Real Estate Bubble
A real estate bubble is an increase in the price of housing which occurs uncorrelated to factors such as wages, employment, construction costs, land value and interest rates. This paper will explore the forces that converge to create a real estate bubble and the effects it has on the housing market in which it occurs. Such an analysis will help the reader better understand the elements that contributed to the global economic crisis of 2008-2010 and how those elements can adversely impact the marketplace.
Keywords: Community Reinvestment Act; Housing Bubble; Mortgage Rates; Negative Amortization; Real Estate; Recession; Shadow Banking; Subprime Lending
The 1920s were one of the most important decades in modern U.S. history. As the nation began to transition from the wartime economy of World War I to a peacetime economy, it entered a period of major prosperity. The introduction of new technologies, combined with a growing entrepreneurial spirit, charged the stock markets and spawned many "rags-to-riches" stories. However, the wealth of the "Roaring 20s" was not distributed evenly, and the economy had become dependent on the stock market. In 1929, the very source of America's wealth in the 1920s collapsed and the era of the Great Depression began. The famed American industrialist J. Paul Getty later reflected on the 1920s, saying that the "Roaring Twenties were the period of that Great American Prosperity which was built on shaky foundations" (www.brainyquote.com).
In many cases throughout history, the promise of a significant return has usually outweighed the potential risks, at least in the minds of those who engage in such activities. Such a mentality has fueled the stock market for decades, even after the cautionary example set by the infamous market crash that ended the Roaring 20s and ushered in the Great Depression. Since that era, stock market booms powered by speculative investing have been quickly reversed in recessions of varying severity. In some cases, such economic boom times have immediately followed recessions.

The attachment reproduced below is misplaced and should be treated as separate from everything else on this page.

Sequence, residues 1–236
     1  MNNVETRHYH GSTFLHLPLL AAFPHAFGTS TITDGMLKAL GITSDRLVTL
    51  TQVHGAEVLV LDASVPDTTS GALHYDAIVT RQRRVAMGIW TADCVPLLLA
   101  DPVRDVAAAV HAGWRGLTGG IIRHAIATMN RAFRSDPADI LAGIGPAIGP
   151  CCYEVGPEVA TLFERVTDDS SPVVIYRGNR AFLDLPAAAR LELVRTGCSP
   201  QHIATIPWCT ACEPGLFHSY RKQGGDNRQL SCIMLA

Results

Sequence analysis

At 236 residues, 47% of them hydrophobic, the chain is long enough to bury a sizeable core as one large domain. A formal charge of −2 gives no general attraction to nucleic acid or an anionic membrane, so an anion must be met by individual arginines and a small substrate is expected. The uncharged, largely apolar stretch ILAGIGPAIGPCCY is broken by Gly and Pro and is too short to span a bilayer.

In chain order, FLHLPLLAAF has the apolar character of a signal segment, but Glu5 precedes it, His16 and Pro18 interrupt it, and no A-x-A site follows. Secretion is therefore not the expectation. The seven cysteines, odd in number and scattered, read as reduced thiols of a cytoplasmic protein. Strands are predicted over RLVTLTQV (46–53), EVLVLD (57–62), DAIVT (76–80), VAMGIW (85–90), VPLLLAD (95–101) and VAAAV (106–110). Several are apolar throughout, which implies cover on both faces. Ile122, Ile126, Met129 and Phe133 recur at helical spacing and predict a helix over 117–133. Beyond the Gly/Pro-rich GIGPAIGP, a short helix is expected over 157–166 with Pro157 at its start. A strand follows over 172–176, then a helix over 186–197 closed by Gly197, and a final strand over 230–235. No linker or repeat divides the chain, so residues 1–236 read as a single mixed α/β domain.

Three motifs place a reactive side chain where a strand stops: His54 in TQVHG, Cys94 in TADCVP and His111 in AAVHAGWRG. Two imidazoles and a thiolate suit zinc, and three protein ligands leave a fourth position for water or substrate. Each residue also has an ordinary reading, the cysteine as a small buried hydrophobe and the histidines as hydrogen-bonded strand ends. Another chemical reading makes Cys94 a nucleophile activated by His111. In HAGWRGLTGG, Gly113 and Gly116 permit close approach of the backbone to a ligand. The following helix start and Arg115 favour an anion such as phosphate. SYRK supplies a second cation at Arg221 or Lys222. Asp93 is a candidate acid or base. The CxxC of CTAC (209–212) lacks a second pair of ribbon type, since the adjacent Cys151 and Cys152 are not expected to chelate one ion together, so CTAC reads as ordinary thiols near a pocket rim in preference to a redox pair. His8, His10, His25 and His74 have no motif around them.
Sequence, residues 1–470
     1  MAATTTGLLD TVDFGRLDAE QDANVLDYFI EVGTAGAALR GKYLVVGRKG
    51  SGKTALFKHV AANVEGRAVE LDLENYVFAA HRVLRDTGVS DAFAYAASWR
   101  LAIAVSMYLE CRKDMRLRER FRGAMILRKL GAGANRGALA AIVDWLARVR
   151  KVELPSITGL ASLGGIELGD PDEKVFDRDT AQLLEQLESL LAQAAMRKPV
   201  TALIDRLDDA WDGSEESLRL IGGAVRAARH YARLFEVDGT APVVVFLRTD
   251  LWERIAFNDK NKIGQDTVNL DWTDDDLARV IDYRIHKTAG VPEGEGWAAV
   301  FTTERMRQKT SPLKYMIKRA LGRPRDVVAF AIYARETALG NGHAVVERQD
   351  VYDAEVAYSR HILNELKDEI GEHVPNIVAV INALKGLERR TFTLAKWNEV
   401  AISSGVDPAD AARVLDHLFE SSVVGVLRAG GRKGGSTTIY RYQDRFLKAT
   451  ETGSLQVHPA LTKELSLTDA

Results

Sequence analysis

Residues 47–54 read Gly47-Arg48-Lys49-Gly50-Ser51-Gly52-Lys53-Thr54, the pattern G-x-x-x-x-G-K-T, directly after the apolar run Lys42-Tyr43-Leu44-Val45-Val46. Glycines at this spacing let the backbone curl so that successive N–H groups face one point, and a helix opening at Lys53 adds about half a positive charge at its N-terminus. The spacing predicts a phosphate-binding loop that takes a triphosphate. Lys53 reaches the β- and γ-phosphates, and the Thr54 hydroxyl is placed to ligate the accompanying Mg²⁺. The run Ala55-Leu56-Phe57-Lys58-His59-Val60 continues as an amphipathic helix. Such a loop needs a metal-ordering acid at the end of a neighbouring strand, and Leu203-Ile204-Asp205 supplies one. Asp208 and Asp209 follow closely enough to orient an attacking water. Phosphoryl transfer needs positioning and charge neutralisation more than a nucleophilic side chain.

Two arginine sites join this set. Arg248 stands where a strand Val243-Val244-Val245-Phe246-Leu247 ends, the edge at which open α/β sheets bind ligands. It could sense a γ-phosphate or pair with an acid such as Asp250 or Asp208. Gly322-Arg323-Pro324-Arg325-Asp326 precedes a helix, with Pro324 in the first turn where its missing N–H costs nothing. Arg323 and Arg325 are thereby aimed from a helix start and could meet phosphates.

As the United States attempted to return to economic strength following the recession of 2001-2002, the federal government began strongly encouraging Americans to engage in a particular type of extremely risky investment. The government understood that an increased volume of real estate purchases meant more jobs (for construction workers and real estate professionals), more local and state tax revenues and greater financial assets for the new homeowner. It set out to prod more lower-income residents to take advantage of so-called "subprime" mortgages and record-low interest rates. The result was a surge in the real estate marketplace.
Unfortunately, this increase also fostered an unexpected increase in the price of real estate. Government and lenders alike turned a blind eye to this housing "bubble," allowing it to grow larger and, like a child's balloon, more fragile as it expanded. When the bubble collapsed, it led to one of the worst recessions since the Great Depression. This paper will explore the forces that converge to create a real estate bubble and the effects this concept has on the market in which it occurs. Such an analysis will help the reader better understand the elements that contributed to the global economic crisis of 2008-2010 and how those elements can adversely impact the marketplace.
The Basis for the Bubble
Put simply, a real estate bubble is an uncorrelated increase in the price of housing. Housing price increases and decreases can usually be correlated to a number of factors, such as wages, employment, construction costs, property value and, as mentioned earlier, interest rates (Bourassa, Hendershott & Murphy, 2001). When housing prices increase, but that upward trend cannot be attributed to any of these factors (or any combination thereof), a real estate bubble may be occurring. This paper will explore the most recent housing bubble, whose collapse led to the 2007-2010 global economic crisis.